Dr Sebastian Matzner
The saintly Christian soldier and the ultimate ‘bad emperor’ occupy a prominent place in the imaginary of men that wrestle with hegemonic masculinity. In their heavily gender roles, both pose a challenge to (hetero)normative masculinity: Sebastian by conforming to, but amending normative masculinity from a position of embraced disempowerment, revalorizing his passive suffering as arrows rain down on him; Heliogabalus by ostentatious gender-bending and self-determined disregard for tradition from a position of absolute power.
Both are eventually killed by the Praetorian guard, both have their bodies dumped in Rome's sewers—and both go on to become icons of queer masculinities in afterlives that range from appearances in Thomas Mann's Tod in Venedig (‘Death in Venice’) and Yukio Mishima's Kamen no Kokuhaku (‘Confessions of a Mask’) to dedicated works like Antonine Artaud’s Héliogabale, ou l’anarchiste couronné (‘Heliogabalus, or the Crowned Anarchist') and Derek Jarman's Sebastiane.
Dr Sebastian Matzner's project unfolds the remarkable story of how two late antique figures became global queer icons. A planned monograph, inspired in form and approach by Plutarch’s Parallel Lives, will scrutinize them as contrapuntal models for dissident masculinities and crystallization points for reflections on male bodies and desire, aestheticism and power, self-determination and abjection, offering timely new insights into histories and strategies of countercultural male self-fashioning.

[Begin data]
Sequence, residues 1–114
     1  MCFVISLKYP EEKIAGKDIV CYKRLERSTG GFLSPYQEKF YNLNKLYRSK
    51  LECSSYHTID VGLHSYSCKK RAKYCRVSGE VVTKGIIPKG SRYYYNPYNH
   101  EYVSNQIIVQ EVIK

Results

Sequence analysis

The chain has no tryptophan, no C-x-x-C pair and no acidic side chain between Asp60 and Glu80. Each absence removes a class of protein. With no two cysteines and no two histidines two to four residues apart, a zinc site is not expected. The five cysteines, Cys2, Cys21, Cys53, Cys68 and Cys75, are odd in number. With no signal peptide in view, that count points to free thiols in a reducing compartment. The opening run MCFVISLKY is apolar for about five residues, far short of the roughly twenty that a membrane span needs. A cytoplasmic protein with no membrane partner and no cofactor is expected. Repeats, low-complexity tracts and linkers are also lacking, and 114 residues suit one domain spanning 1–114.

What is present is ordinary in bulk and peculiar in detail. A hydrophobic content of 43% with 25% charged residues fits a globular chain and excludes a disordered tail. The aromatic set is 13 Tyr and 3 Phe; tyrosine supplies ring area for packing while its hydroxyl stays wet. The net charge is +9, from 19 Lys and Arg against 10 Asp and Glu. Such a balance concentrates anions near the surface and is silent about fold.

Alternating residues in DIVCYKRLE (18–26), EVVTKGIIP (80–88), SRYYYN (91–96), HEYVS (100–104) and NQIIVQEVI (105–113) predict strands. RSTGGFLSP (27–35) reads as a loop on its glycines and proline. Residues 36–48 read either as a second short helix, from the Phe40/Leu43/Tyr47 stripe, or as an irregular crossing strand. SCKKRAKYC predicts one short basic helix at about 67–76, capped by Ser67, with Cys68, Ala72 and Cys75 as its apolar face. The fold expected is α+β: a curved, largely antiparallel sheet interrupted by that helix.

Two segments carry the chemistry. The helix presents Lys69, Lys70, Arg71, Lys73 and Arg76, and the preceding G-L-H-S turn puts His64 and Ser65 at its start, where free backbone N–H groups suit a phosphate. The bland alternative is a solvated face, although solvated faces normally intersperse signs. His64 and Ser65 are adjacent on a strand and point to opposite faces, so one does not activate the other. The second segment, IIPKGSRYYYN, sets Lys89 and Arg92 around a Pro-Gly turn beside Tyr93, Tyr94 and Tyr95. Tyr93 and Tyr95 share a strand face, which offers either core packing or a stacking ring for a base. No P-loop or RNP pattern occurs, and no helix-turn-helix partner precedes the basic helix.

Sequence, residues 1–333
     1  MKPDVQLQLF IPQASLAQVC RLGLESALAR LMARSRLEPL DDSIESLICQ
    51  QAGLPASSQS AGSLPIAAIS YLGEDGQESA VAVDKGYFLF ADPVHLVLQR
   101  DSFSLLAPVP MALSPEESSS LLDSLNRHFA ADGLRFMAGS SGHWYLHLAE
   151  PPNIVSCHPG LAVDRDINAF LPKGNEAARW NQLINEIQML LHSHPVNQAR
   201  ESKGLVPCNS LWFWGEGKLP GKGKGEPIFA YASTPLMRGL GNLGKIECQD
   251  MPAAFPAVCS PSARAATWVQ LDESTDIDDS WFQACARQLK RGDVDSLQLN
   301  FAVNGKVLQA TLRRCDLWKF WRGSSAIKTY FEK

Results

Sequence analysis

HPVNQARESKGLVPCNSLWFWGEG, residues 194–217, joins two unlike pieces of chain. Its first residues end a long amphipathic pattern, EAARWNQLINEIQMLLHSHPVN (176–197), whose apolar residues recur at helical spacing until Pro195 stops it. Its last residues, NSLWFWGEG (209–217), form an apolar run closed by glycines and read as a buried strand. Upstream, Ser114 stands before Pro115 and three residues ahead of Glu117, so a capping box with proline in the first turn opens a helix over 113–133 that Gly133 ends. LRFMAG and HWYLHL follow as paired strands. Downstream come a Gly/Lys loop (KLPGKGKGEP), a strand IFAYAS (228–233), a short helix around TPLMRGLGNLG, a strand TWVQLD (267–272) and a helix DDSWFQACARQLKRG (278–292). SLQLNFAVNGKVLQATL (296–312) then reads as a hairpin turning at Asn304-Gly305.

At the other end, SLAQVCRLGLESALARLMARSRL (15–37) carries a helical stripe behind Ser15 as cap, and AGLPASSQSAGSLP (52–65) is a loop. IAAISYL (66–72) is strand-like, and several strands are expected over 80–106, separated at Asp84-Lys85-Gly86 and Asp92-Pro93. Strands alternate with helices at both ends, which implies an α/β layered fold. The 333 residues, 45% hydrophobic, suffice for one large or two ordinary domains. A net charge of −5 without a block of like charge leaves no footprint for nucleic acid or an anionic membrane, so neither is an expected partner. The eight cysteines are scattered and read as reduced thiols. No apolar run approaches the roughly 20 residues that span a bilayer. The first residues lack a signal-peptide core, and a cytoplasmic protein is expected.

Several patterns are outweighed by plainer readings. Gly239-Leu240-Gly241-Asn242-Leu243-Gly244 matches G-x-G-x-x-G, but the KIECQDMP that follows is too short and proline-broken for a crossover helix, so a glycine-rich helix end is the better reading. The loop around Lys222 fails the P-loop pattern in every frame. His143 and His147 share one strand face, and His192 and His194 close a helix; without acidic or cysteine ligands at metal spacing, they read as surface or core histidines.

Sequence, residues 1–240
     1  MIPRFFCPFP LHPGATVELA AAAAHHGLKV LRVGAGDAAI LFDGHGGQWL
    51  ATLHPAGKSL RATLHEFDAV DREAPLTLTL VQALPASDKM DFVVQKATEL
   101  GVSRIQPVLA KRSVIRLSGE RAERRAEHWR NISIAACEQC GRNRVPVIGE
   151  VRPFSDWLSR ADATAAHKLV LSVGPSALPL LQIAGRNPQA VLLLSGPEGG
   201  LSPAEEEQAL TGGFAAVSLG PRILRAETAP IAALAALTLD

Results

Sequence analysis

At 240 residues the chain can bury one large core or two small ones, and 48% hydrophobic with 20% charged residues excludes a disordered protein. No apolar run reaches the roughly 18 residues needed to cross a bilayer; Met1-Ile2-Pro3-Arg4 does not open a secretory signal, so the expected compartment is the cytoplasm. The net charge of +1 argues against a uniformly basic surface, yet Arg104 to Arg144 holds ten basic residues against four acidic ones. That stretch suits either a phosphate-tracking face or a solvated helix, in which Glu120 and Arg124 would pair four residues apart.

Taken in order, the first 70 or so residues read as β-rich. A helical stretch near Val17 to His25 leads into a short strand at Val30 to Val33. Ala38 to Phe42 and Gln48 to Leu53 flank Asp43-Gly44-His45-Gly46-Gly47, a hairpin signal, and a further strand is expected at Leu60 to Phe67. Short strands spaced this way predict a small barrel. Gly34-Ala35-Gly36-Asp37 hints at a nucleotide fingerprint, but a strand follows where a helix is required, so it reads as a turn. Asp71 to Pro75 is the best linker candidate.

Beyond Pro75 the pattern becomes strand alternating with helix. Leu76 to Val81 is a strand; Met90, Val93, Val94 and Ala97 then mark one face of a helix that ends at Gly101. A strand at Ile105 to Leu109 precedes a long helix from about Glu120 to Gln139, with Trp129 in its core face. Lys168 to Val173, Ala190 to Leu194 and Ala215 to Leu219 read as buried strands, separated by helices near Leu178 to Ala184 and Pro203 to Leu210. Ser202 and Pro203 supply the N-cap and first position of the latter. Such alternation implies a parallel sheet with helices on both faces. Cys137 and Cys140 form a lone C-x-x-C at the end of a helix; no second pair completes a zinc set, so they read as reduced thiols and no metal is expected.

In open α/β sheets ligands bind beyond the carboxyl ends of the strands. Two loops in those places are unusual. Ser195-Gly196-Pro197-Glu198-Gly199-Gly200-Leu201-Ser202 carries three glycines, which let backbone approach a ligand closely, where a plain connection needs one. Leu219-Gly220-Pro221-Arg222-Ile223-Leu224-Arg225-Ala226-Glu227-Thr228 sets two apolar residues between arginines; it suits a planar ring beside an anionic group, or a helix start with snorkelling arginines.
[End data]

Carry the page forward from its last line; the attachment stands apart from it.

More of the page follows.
This project ties in with doctoral research in the Department of Comparative Literature— Hannah Burke-Tomlinson, ‘The Body Poetic: Masculinity and Metapoetics in Latin Love Elegy and English Romantic Lyric’, and Rioghnach Sachs, ‘The Sapphic Mode: Lesbian Fluidity and the Classical Tradition’.
It is conducted in association with the Queer@King’s research centre under whose auspices a series of academic and public events related to the project are planned.
A team led by Dr Sanja Perovic (Department of French) has been awarded an AHRC Standard Grant of c.£1 million to carry out an interdisciplinary research programme which aims to develop a broad comparative framework for understanding the circulation of radical texts between Britain, France and Italy in the revolutionary period.
Dr Perovic is joined by Co-Investigators Professor Erica Mannucci (University of Milan-Bicocca) and Dr Rosa Mucignat (King’s College London, Comparative Literature) and a team of translators, creative practitioners, members of the King’s Digital Lab and 2 postdoctoral researchers to be based at King’s College London.
This collaborative project will provide the first comparative study of the translation and circulation of democratic and free-thinking texts between Italy,France and Britain during the French Revolution and Napoleonic era. It will enhance public and academic awareness of the role of translation as an integral element of the revolutionary project, and investigate how translation makes it possible for radical works to be 'living texts' that continually move forward into new communities, new places, and new times.
The project will create substantial research outputs including an open-access database of c. 400 radical translations and biographical information on c. 50-75 militant translators. Research activities will be complemented by a series of public events, translation workshops and performances involving students, translators, and focus groups to test the hypothesis that political radicalism is a shared European heritage still capable of generating new understandings and meanings today.
Professor Javed Majeed